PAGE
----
Sunday, March 17, 2013

The underlying pattern

I'm pretty averse to Rules for Writing (OK, I know there are basic rules, but I hate the way they get fetishised and lead to the samey-ness that often dominates lit mags and short story prize lists and the kind of literary tyranny that results), but I like, as I think most writers will, this article on story archetypes by John Yorke, from his book on the subject which comes out next month. It's descriptive rather than rule-making, with a nice eye on both the excitement of subverting the archetype he describes and the endless mutability of the underlying pattern:
It seems impossible to understand how, with only eight notes in an octave, we don't simply run out of music. But just as tones give rise to semi-tones and time signatures, tempo and style alter content, so we start to see that a simple pattern contains within it the possibility of endless permutations. Feed in a different kind of flaw; reward or punish the characters in a variety of ways; and you create a different kind of story.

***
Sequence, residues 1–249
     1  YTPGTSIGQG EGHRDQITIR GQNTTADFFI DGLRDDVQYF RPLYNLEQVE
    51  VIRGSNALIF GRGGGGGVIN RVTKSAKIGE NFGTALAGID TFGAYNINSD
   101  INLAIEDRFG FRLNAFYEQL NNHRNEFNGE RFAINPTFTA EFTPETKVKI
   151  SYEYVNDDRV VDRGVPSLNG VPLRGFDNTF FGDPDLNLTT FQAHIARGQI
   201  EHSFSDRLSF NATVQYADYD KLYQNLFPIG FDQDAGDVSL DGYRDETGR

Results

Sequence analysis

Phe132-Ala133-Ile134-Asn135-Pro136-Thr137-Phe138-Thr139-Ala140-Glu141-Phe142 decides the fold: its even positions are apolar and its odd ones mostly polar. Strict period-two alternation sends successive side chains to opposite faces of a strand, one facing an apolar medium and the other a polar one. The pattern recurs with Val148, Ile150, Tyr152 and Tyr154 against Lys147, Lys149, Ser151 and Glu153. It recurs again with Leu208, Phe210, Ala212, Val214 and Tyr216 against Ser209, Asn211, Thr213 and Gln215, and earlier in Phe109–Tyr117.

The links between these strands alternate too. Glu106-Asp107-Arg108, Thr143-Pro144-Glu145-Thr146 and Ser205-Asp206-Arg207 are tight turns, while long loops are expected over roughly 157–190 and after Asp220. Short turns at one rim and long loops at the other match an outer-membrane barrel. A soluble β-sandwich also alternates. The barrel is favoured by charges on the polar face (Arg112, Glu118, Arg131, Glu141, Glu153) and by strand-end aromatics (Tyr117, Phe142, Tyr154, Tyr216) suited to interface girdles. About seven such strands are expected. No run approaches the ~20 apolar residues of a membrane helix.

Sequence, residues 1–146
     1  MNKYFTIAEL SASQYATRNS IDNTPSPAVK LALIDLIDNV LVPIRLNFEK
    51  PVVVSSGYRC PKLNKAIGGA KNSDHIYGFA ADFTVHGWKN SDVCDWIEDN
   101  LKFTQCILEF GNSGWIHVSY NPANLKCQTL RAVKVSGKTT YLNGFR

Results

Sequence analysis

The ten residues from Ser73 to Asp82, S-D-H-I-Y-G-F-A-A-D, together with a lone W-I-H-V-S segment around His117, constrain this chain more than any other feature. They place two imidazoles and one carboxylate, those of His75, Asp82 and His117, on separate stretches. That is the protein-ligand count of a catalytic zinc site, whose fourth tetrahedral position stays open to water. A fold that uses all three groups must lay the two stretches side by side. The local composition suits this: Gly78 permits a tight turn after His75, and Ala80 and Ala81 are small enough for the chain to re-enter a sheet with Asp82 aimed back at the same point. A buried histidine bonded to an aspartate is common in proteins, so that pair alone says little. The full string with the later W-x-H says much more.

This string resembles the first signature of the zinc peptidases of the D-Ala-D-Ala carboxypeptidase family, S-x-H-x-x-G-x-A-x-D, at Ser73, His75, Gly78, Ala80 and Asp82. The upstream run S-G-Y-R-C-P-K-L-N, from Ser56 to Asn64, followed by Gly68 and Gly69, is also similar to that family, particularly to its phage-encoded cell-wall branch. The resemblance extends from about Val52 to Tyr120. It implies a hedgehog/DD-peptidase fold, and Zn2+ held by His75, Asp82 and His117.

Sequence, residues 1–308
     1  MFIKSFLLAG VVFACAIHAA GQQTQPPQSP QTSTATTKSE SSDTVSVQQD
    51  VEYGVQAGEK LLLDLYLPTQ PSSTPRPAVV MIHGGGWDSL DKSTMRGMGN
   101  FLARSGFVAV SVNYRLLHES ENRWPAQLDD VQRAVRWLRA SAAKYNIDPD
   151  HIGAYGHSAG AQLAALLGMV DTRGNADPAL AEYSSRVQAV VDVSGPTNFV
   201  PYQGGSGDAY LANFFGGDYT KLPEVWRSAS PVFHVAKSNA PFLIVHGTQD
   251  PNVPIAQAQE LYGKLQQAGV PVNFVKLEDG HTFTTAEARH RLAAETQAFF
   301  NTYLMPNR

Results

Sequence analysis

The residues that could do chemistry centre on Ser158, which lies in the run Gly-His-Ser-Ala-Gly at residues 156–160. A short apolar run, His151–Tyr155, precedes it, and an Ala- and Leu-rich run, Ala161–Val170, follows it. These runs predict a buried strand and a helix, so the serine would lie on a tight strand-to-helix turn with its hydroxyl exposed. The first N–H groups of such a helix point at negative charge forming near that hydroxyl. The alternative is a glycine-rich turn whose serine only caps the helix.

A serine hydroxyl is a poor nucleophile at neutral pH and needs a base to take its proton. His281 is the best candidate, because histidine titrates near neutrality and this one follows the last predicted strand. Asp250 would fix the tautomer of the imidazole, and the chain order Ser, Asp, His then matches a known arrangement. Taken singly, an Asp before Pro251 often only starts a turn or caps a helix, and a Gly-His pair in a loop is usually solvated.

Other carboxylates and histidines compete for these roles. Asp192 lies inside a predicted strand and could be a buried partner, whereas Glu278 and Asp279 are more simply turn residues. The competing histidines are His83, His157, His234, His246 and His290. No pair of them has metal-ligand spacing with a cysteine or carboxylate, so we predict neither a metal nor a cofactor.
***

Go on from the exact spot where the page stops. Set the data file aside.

Thursday, March 14, 2013

How close are we to androgyny?

Interviewed about the newly announced longlist for the Women's Prize for Fiction (formerly the Orange Prize), Natasha Walter, one of the judges, says that she was struck by the number of women writing from male viewpoints. Like Telegraph writer Sameer Rahim noting a similarity in the Costa winners, she sees this as possible evidence of a move towards the fulfilment of Virginia Woolf's wish for women writers to be seen as androgynous rather than as women. Others, however, including me (see this post), suspect a different implication. Kira Cochrane writes:
If a woman adopts a male perspective, it seems their story is still more likely to be respected, and read as universal. The author Naomi Alderman is well aware of this bias, and notes that the women who have won the Booker include: "Hilary Mantel writing about a strong man [Thomas Cromwell]. Pat Barker writing about the first world war and men's experiences. AS Byatt, yes there's a woman in it, but actually a lot of Possession is first-person writing as a man. Let's look at their names: Hilary, Pat and AS. These are names a man can read on the train and you don't necessarily immediately know that they're reading [a book by] a woman."